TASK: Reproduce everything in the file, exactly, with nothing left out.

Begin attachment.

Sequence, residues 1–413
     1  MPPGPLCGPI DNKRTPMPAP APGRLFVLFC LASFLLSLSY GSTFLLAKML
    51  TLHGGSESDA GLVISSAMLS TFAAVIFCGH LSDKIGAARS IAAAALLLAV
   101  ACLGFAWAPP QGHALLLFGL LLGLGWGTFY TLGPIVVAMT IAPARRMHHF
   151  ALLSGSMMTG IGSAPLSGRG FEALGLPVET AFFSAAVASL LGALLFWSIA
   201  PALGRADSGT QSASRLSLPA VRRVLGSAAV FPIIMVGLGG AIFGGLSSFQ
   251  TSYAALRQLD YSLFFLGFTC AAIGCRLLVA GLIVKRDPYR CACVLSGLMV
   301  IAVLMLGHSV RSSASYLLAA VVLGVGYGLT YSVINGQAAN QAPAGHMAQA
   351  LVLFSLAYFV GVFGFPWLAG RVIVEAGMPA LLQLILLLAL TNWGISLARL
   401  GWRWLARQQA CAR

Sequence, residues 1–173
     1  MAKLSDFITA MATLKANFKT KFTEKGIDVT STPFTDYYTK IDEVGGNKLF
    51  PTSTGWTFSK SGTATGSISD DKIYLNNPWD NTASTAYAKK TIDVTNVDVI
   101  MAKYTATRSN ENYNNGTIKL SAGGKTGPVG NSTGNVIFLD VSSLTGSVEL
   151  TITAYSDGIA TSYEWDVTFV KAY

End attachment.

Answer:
Sequence, residues 1–413
     1  MPPGPLCGPI DNKRTPMPAP APGRLFVLFC LASFLLSLSY GSTFLLAKML
    51  TLHGGSESDA GLVISSAMLS TFAAVIFCGH LSDKIGAARS IAAAALLLAV
   101  ACLGFAWAPP QGHALLLFGL LLGLGWGTFY TLGPIVVAMT IAPARRMHHF
   151  ALLSGSMMTG IGSAPLSGRG FEALGLPVET AFFSAAVASL LGALLFWSIA
   201  PALGRADSGT QSASRLSLPA VRRVLGSAAV FPIIMVGLGG AIFGGLSSFQ
   251  TSYAALRQLD YSLFFLGFTC AAIGCRLLVA GLIVKRDPYR CACVLSGLMV
   301  IAVLMLGHSV RSSASYLLAA VVLGVGYGLT YSVINGQAAN QAPAGHMAQA
   351  LVLFSLAYFV GVFGFPWLAG RVIVEAGMPA LLQLILLLAL TNWGISLARL
   401  GWRWLARQQA CAR

Sequence, residues 1–173
     1  MAKLSDFITA MATLKANFKT KFTEKGIDVT STPFTDYYTK IDEVGGNKLF
    51  PTSTGWTFSK SGTATGSISD DKIYLNNPWD NTASTAYAKK TIDVTNVDVI
   101  MAKYTATRSN ENYNNGTIKL SAGGKTGPVG NSTGNVIFLD VSSLTGSVEL
   151  TITAYSDGIA TSYEWDVTFV KAY